and column percentages are useful in identifying the underlying association once statistical
significance is found. This fact is underlined by the XL Data Analyst, which provides row
and column percentages only if the cross-tabulation relationship is significant at the 95
percent level of confidence.
4. The null hypothesis is omnipresent in associative analysis tests, and it is the foundation for
practically all statistical tests. We recommend that Instructors continually remind students of
the null hypothesis of no association as they review the various associative analysis tests. It
may be worthwhile to remind students that the null hypothesis is present in statistical
inference tests such as t-tests (no difference between the means of the two groups), or
analysis of variance (no difference between any two group means). For Instructors’
information, the null hypothesis concept is emphasized in the next chapter, particularly with
descriptions of bivariate and multiple regression analyses.
5. For Instructors who want their student to actually compute statistics, consider end-of-chapter
questions numbers 14 and 15. Number 14 provides observed frequencies in a cross-tabulation
along with the computed Chi-square value. It has only four cells. The answer to question 14
below has the XL Data Analyst cross-tabulation output with the row and cell percentages, so
Instructors will be spared the requirement to compute them. Question 15 will require students
to set up the cross-tabulation table and to determine the observed frequencies, plus do all
other computations.
6. For Instructors who want to emphasize the scatter diagram interpretation of a correlation,
consider using Application Question 16. The correlation matrix for all five variables is
provided in the answer to question 16 below as are all the scatter diagrams. Students should
be able to build the data set in Excel for Windows quickly, and they can have Excel create all
possible scatter diagrams.
7. There are many nuances to regression analysis not treated in this chapter’s introduction to the
topic. The intent is to describe the basic concepts and to have students identify their related
values on a printout. Instructors should be aware that in no way will students become more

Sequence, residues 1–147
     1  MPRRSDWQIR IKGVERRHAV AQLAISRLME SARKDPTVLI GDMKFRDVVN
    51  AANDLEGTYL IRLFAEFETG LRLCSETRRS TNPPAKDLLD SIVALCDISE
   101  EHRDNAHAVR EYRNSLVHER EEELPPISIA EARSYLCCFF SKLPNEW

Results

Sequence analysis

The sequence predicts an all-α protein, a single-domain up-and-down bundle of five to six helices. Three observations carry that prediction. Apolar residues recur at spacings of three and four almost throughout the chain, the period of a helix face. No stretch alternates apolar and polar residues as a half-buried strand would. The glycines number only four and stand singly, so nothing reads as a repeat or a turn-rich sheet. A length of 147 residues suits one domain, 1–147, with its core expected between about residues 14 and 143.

than fundamentally knowledgeable about regression, running it and interpreting the findings.
8. A constraint in Excel is that it will allow no more than 16 independent variables when
performing regression analysis. When students (or instructors) are confronted with a larger
number of independent variables, we recommend the following approach.
a. Identify groups of independent variables such as demographics, lifestyle
characteristics, usage and/or behavioral variables, performance evaluations and/or
satisfaction variables, etc.
b. Use regression analysis to identify the statistically significant independent variables
in the first group (such as usage and/or behavioral variables).
c. Add the next group to these variables (such as lifestyle characteristics) and determine
the statistically significant independent variables. (It is necessary to rerun the
regression each time as the addition of new independent variables affects the outcome
every time due to changes in sample size, non-inclusion of missing observations, etc.)
d. Continue with this approach until the final set of statistically significant independent
variables are determined.
9. When running multiple regression, the XL Data Analyst checks for multicolinearity among
the independent variables. That is, a requirement of multiple regression is that there is not
high correlation between any two independent variables. Using a “tolerance” test, the
program will detect the level of multicolinearity and issue a warning if the level is too high.
Processing stops. Users should systematically find the two independent variables with the
highest correlation and eliminate one from the multiple regression analysis. This approach
may take several iterations if several independent variables are highly correlated.